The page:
Pseudodistributions are generalizations of probability distributions. We can represent a discrete (i.e., finitely supported) probability distribution over by its probability mass function such that and . Similarly, we can describe a pseudodistribution by its mass function by relaxing the constraint to passing certain lowdegree nonnegativity tests.
Concretely, a level pseudodistribution is a finitelysupported function such that and for every polynomial of degree at most . (Here, the summations are over the support of .) A straightforward polynomialinterpolation argument shows that every levelpseudo distribution satisfies and is thus an actual probability distribution. We define the pseudoexpectation of a function on with respect to a pseudodistribution , denoted , as
(3.1) 
The degree moment tensor of a pseudodistribution is the tensor . In particular, the moment tensor has an entry corresponding to the pseudoexpectation of all monomials of degree at most in . The set of all degree moment tensors of probability distribution is a convex set. Similarly, the set of all degree moment tensors of degree pseudodistributions is also convex. Unlike moments of distributions, there’s an efficient separation oracle for moment tensors of pseudodistributions.
Fact 1 ([Sho87, Par00, Nes00, Las01]).
For any , the following set has a time weak separation oracle (in the sense of [GLS81]):
(3.2) 
This fact, together with the equivalence of weak separation and optimization [GLS81] allows us to efficiently optimize over pseudodistributions (approximately)—this algorithm is referred to as the sumofsquares algorithm. The level sumofsquares algorithm optimizes over the space of all level pseudodistributions that satisfy a given set of polynomial constraints (defined below).
Definition 2 (Constrained pseudodistributions).
Let be a level pseudodistribution over . Let be a system of polynomial inequality constraints. We say that satisfies the system of constraints at degree , denoted , if for every and every sumofsquares polynomial with , .
We write (without specifying the degree) if holds.
Furthermore, we say that holds approximately if the above inequalities are satisfied up to an error of , where denotes the Euclidean norm
We remark that if is an actual (discrete) probability distribution, then we have if and only if is supported on solutions to the constraints . We say that a system of polynomial constraints is explicitly bounded if it contains a constraint of the form . The following fact is a consequence of Fact 1 and [GLS81],
Fact 3 (Efficient Optimization over Pseudodistributions).
There exists an time algorithm that, given any explicitly bounded and satisfiable system
3.2 Sumofsquares proofs
Let and be multivariate polynomials in . A sumofsquares proof that the constraints imply the constraint consists of polynomials such that
(3.3) 
We say that this proof has degree if for every set , the polynomial has degree at most . If there is a degree SoS proof that implies , we write:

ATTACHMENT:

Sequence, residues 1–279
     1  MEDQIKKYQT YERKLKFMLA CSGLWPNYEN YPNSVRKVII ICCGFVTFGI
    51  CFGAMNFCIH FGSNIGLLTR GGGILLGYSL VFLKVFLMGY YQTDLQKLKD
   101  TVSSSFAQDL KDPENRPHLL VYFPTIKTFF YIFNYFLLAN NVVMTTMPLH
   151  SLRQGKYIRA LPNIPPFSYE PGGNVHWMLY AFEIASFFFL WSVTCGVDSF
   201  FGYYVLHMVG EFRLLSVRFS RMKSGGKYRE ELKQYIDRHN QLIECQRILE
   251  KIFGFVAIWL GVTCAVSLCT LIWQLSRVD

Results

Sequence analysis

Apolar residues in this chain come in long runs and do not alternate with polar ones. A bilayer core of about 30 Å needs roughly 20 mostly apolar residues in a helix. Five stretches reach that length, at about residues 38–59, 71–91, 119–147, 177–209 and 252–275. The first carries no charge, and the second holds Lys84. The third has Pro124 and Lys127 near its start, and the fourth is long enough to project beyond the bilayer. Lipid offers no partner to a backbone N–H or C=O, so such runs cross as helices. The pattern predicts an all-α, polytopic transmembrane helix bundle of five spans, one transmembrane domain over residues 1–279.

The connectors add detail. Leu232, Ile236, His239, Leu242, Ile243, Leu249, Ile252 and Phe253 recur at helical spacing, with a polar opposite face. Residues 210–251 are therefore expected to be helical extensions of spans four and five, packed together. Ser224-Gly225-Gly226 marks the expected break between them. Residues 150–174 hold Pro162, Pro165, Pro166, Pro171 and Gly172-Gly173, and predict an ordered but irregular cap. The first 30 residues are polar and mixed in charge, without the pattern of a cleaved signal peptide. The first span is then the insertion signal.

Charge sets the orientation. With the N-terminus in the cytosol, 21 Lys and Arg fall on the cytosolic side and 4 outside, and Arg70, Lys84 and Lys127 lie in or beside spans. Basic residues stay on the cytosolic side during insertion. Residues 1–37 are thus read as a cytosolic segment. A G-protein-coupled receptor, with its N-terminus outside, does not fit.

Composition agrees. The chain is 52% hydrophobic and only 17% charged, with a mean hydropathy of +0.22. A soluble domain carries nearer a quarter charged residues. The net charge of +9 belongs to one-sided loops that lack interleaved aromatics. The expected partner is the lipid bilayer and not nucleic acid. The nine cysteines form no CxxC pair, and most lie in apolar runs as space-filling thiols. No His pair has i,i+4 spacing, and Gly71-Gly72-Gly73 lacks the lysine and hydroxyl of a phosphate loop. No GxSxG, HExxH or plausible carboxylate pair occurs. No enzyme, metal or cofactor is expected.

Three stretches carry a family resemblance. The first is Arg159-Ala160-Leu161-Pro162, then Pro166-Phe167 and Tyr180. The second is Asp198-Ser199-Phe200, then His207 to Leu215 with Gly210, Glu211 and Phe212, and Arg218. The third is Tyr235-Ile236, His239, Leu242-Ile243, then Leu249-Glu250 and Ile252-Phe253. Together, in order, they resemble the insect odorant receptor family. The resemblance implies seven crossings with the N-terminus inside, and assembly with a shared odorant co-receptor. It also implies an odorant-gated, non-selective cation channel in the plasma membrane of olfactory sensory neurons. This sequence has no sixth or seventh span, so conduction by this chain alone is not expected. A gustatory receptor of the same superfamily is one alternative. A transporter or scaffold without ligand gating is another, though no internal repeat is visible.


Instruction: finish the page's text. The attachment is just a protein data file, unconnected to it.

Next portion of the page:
(3.4) 
For all polynomials and for all functions , , such that each of the coordinates of the outputs are polynomials of the inputs, we have the following inference rules.
The first one derives new inequalities by addition/multiplication:
(Addition/Multiplication Rules) 
The next one derives new inequalities by transitivity:
(Transitivity Rule) 
Finally, the last rule derives new inequalities via substitution:
(Substitution Rule) 
Lowdegree sumofsquares proofs are sound and complete if we take lowlevel pseudodistributions as models. Concretely, sumofsquares proofs allow us to deduce properties of pseudodistributions that satisfy some constraints.
Fact 4 (Soundness).
If for a level pseudodistribution and there exists a sumofsquares proof , then .
If the pseudodistribution satisfies only approximately, soundness continues to hold if we require an upper bound on the bitcomplexity of the sumofsquares (number of bits required to write down the proof). In our applications, the bit complexity of all sum of squares proofs will be (assuming that all numbers in the input have bit complexity ). This bound suffices in order to argue about pseudodistributions that satisfy polynomial constraints approximately.
The following fact shows that every property of lowlevel pseudodistributions can be derived by lowdegree sumofsquares proofs.
Fact 5 (Completeness).
Suppose and is a collection of polynomial constraints with degree at most , and for some finite .
Let be a polynomial constraint. If every degree pseudodistribution that satisfies also satisfies , then for every , there is a sumofsquares proof .
We will use the following CauchySchwarz inequality for pseudodistributions:
Fact 6 (CauchySchwarz for Pseudodistributions).
Let be polynomials of degree at most in indeterminate . Then, for any degree d pseudodistribution , .
Fact 7 (Hölder’s Inequality for PseudoDistributions).
Let be polynomials of degree at most in indeterminate . Fix . Then, for any degree pseudodistribution , .
The following fact is a simple corollary of the fundamental theorem of algebra:
Fact 8.
For any univariate degree polynomial for all , .
This can be extended to univariate polynomial inequalities over intervals of . 2
Fact 9 (Fekete and MarkovLukacs, see [Lau09]).
For any univariate degree polynomial for , .
Fact 10.
Let be a matrix. Then,